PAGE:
The Amendment to the bill titled the Better Care Reconciliation Act, would allow health insurers across the country to have significant flexibility in offering health insurance plans so long as they offer at least one plan that complies with the Obamacare mandates now in place, according to a report by Business Insider.
Under Obamacare, health insurers providing plans in the health insurance exchange must provide coverage for a number of “essential health benefits” many conservatives say unnecessarily drive up the cost of health insurance. Insurers are also required to adhere to community-health-ratings standards, which effectively force insurers to charge those being insured the same amount of money regardless of health condition. CHR requirements, coupled with the ACA’s pre-existing conditions requirement, have significantly driven up the cost of health insurance, as health insurers have looked to offset the added costs associated with covering people with expensive pre-existing conditions with rising premiums and deductibles.
Cruz’s amendment would let insurers escape these mandates for most of their policies so long as they continue to offer a plan that still adheres to them. This would allow people with pre-existing conditions to continue purchasing insurance at a reduced price (relative to what they would otherwise have to pay), but it would also free up insurers to offer much-cheaper options for those people who are relatively healthy, especially younger people, who have been forced under Obamacare to pay increasingly higher health insurance prices.
The plan is being viewed by many as a potential win for virtually all wings of the Republican Party. Moderates might be willing to agree to the BCRA because they know sicker, costlier patients will still have access to Obamacare provisions. Conservatives could be comforted by the flexibility given to insurers in the bill, which should help make health insurance plans significantly cheaper for millions of Americans.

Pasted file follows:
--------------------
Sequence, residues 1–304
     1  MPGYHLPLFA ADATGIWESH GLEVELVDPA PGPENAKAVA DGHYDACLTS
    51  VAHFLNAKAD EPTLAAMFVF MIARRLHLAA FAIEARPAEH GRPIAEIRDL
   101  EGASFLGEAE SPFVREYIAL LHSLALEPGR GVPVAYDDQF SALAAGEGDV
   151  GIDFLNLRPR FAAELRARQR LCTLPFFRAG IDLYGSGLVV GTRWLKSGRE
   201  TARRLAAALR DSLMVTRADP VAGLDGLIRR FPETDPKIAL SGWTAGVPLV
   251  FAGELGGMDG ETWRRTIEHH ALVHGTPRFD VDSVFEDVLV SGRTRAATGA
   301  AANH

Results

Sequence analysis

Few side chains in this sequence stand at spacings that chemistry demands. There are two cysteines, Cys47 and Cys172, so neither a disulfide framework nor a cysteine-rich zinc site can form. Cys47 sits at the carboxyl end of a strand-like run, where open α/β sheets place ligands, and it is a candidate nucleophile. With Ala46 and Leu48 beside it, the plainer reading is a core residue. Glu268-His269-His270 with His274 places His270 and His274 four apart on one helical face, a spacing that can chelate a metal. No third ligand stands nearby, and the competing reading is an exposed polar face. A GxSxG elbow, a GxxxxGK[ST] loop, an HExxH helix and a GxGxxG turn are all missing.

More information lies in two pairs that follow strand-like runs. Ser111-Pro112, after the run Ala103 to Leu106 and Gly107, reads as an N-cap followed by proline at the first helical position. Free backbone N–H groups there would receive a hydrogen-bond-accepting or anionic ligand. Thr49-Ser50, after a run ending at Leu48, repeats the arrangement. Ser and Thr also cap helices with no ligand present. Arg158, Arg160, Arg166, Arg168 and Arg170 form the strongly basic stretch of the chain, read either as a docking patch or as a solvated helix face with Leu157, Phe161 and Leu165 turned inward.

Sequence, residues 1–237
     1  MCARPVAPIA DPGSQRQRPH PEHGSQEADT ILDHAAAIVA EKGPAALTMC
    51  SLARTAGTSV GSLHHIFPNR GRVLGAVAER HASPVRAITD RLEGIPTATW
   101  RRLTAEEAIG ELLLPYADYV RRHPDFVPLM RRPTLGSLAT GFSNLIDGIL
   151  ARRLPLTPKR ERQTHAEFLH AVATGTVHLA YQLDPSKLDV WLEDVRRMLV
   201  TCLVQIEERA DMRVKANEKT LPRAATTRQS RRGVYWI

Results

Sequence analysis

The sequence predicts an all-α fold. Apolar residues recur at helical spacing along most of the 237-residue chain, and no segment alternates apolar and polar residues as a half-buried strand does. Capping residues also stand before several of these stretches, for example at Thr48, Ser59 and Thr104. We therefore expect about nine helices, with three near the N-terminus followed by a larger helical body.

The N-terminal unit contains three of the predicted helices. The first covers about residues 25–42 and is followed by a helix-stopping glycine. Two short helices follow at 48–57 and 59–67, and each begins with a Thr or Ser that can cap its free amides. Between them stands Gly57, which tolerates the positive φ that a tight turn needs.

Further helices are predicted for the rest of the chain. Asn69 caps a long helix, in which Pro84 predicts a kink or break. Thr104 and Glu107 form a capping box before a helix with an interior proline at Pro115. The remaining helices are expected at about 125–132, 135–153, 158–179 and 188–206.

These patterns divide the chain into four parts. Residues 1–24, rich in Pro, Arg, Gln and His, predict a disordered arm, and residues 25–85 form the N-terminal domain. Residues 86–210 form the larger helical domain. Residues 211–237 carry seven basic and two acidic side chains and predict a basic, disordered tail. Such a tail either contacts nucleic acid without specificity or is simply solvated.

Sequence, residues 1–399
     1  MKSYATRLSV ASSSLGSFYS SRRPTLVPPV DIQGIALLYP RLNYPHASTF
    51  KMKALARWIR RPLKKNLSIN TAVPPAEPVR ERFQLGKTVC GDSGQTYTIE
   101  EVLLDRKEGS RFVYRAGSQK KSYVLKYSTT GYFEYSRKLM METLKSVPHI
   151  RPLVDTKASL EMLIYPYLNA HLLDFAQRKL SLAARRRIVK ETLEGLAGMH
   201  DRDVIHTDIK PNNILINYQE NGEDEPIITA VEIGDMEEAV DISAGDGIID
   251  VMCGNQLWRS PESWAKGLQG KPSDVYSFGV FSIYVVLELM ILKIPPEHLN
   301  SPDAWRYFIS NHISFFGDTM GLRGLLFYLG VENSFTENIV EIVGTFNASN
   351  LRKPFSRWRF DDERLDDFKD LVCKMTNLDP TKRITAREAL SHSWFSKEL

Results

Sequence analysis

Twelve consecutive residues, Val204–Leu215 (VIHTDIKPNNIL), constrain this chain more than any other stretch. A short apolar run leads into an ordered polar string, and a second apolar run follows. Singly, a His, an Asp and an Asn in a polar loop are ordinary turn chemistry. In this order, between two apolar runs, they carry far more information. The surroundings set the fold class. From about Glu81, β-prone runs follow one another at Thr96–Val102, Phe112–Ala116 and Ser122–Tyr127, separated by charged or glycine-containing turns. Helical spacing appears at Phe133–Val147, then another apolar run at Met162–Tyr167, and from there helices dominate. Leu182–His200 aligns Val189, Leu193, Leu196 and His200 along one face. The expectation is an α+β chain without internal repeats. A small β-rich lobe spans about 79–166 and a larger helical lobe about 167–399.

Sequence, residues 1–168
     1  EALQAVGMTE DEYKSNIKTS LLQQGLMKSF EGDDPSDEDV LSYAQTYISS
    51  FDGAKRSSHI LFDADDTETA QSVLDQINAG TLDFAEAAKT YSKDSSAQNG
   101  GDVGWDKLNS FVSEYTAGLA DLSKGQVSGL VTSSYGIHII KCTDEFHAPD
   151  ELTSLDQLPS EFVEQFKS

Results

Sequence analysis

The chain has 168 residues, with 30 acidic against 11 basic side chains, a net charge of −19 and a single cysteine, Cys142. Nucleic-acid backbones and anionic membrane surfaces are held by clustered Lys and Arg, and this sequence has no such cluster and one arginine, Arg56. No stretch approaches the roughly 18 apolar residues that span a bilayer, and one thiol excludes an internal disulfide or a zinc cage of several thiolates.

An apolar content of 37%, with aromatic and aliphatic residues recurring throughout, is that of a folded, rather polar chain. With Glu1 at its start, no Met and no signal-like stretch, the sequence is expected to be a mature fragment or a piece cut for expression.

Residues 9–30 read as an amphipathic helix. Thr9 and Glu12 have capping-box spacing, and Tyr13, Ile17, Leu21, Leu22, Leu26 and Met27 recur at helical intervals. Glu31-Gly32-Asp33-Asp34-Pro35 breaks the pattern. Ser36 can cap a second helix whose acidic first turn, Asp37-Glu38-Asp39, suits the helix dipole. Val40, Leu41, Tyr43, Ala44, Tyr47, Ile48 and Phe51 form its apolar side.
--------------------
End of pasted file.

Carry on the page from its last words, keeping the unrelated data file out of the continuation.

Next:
However, there is one gigantic catch to this seemingly win-win proposal: If insurers have to continue subsidizing patients with substantial health problems who haven’t been paying into the system and healthier consumers are given access to a wide array of cheaper health care options, who is going to cover the insurance companies’ added costs under such a model? According to Cruz, taxpayers.
Cruz explained to a writer at Vox.com, “If those with seriously [sic] illnesses are going to be subsidized, and there is widespread agreement in Congress that they are going to be subsidized, I think far better for that to happen from direct tax revenue rather than forcing a bunch of other people to pay much higher premiums.”
Cruz’s plan to subsidize health insurance companies’ losses with federal tax dollars is quite a step back from the conservative senator’s usual stance on the role of government, leading many conservatives to criticize the plan as an assurance of greater federal involvement in health care for years to come.
Conservative website HotAir.com said of Cruz’s plan, “Man, we’re a long way from the tea party’s salad days. … The point of Cruz’s amendment is to give people more options in coverage. But the right wing of the GOP embracing greater federal subsidies for the very sick does feel like a significant step ideologically towards single-payer eventually. Relatedly, if the feds are going to be picking up (much of) the tab for people with preexisting conditions, those ObamaCare taxes suddenly become much harder to get rid of.”
Left-wing critics of the proposed amendment to the bill — many of whom want to save Obamacare or expand it — say it won’t help America’s sickest patients, who will end up becoming the only group interested in purchasing the Obamacare-compliant insurance plans, forcing prices up for them while healthier people are able to purchase cheaper plans.
Lost in the debate is that under every version of the Senate’s bill, states would have the power to pay for additional programs of their own, including programs that could provide extensive subsidies to people with pre-existing conditions, an important reality that seldom gets discussed in Washington discussions about reforming health care.